Evil Genius, by Catherine Jinks. I wasn't super impressed with this book. I just couldn't empathize with any of the characters, and while I knew this was the first book in a series that had been recommended to me, I couldn't do it. I finished the book, reluctantly, and then opted out of the rest of the series.

(Note: Links in this post are Amazon affiliate links)

While Knitting, February 2016

Mar 7, 2016

Pattern: Gallatin Scarf, by Kris Basta (free pattern)
Yarn: Hobby Lobby I Love This Yarn! Solids (I used 165 yards, so about 1/2 of a skein)
Needles: US 10.5 / 6.5mm

It was mentioned yesterday in a comment that maybe I was just a bit burnt out on knitting hats, and I'm pretty sure that was the truest statement ever made!

With Renfrew still sitting, waiting for decreases to happen, I cast on Gallatin after a late-night Raverly binge wherein I found project after project being added to my queue. I'm not even sure how I happened upon the pattern for Gallatin (which is offered free on Kris' website), but after showing it to several different people, and each of them falling in love with the scarf, I knew I had to give it a try.

I cast on for Gallatin on Thursday after school, and was binding off and weaving in ends on Saturday morning. This quick knit definitely got me fully out of my knitting slump, gave me a cute scarf to wear on the colder spring days, and got me so excited to keep knitting I immediately grabbed my Renfrew hat and finished it as well!

This scarf is perfect for those who knit to donate - the lace is super beginner-friendly, the scarf isn't bulky at all (which makes it perfect for folks in all sorts of temperatures and situations), it can be wrapped loosely around the neck like a scarf or twisted around like a cowl (by tucking the ends in), and it can be made in wool, acrylic OR even cotton! I've already got plans for some rogue skeins of acrylic in my stash that I didn't know what to do with - they will make gorgeous Gallatin scarves!

Plus, the pattern is simple to remember, and takes just a few evenings of non-concentrated work to finish! I knit on mine while playing trains with Owen, watching Curious George with Lou, and even while having a beer at the end of the night with Zach!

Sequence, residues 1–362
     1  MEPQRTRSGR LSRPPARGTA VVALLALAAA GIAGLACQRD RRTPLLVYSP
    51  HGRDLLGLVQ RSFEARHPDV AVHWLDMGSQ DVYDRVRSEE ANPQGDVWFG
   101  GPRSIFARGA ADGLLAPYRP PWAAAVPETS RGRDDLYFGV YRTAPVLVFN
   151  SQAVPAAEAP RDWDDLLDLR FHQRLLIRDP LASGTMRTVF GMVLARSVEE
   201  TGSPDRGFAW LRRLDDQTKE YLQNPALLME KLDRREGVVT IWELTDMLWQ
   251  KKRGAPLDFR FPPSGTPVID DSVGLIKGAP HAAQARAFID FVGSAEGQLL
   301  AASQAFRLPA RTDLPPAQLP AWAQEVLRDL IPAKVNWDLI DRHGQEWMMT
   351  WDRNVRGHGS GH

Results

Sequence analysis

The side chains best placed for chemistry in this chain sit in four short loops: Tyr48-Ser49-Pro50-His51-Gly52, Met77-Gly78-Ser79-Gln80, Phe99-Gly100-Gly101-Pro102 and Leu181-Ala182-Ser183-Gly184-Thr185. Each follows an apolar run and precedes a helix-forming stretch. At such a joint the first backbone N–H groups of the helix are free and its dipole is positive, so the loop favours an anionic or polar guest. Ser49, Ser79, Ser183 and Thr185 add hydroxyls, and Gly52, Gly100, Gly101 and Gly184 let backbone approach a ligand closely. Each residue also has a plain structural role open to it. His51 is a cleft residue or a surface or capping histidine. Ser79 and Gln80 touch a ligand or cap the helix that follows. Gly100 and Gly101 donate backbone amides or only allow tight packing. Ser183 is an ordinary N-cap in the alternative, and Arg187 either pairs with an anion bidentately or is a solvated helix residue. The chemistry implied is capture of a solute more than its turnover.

As for donations, while I'll be keeping this first grey Gallatin for myself, I know I'll be making more for donation. Any I make out of wool will be sent on to Nest Maine, but all the ones I plan to make in acrylic? I'll be sending those on to the Pine Ridge Reservation! There is a group on Ravelry that is always sending donations to this area of the country that is so steeped in poverty it makes me a bit sick, and I know the scarves will be used and loved there!

Gallatin Scarf

Mar 6, 2016

Earlier this week, I received a comment from someone anonymous. As the question was a great one to have asked, I thought I'd share it, and my answer, here! The question was:

Several years ago I was given multiple bags (unopened, same dye lot per bag) of wool blend sock yarn. The local agencies I knit for do not want any wool clothing and the one I mail to only wants heavy weight wool socks. I have at least enough Kroy sock yarn to make 25 pairs of socks and am looking for somewhere to donate wool blend socks knitted with standard "sock" yarn (ie. 28sts = 4in on #3 needles).

So, you know my first response is ... make that yarn into Sockhead Hats and Basic Beanies! Both patterns use just about any "standard" sock yarn you have in your stash, and work up super warm while also being thin enough that you can send bunches of them for donation to a wide variety of charities.

But the real question was where to send those finished items, specifically who accepts socks. There's a few charities I know of that love to get wool socks all year long!

Nest: Maine, which has been accepting items for northern Maine residents for about a decade now, is always my go-to when people ask where they can donate woolen items. Nest accepts all manner of items, from hats and mittens to vests, sweaters, and even socks! All sizes are needed, and it's helpful to label the socks for size before you send them on over.

Another great organization is Hats And More For War-Torn Syria, which is actually a Ravelry group. What began as a way to collect just hats for refugees has become a global effort to clothe those fleeing war and disaster with wooly warmth. Socks are ALWAYS needed for this organization as well, and they simply request you tie the socks together with a spare bit of yarn so the pair doesn't get separated in transit. The Ravelry group has addresses both for the US and for the UK, so folks from all over the globe can ship to the cheapest option for them. All items are sent to refugee camp with aide workers through Salaam Cultural Museum, an internationally recognized aide group.

I hope that helps you out! And I'd love to see pictures of the items you make to donate - just tag them #shemakeshats on social media and I'll hopefully see them!!

(photo from the Kroy yarn page on Ravelry)

Donating Items Made From Sock Yarn

Mar 3, 2016

Earlier in the month, I was lamenting on Instagram that I'd hit a huge knitting slump. I'd been casting on and then ripping back just about everything I put on my needles pretty much since the beginning of 2016, and I was about ready to throw in the needles and take a knitting hiatus.

And then I cast on Jane Richmond's Renfrew. Working with some cauliflower purple Cascade 220 given to me by a knitting friend, I blew through the body of the hat so fast I'm not sure I properly remember actually knitting it! And then ...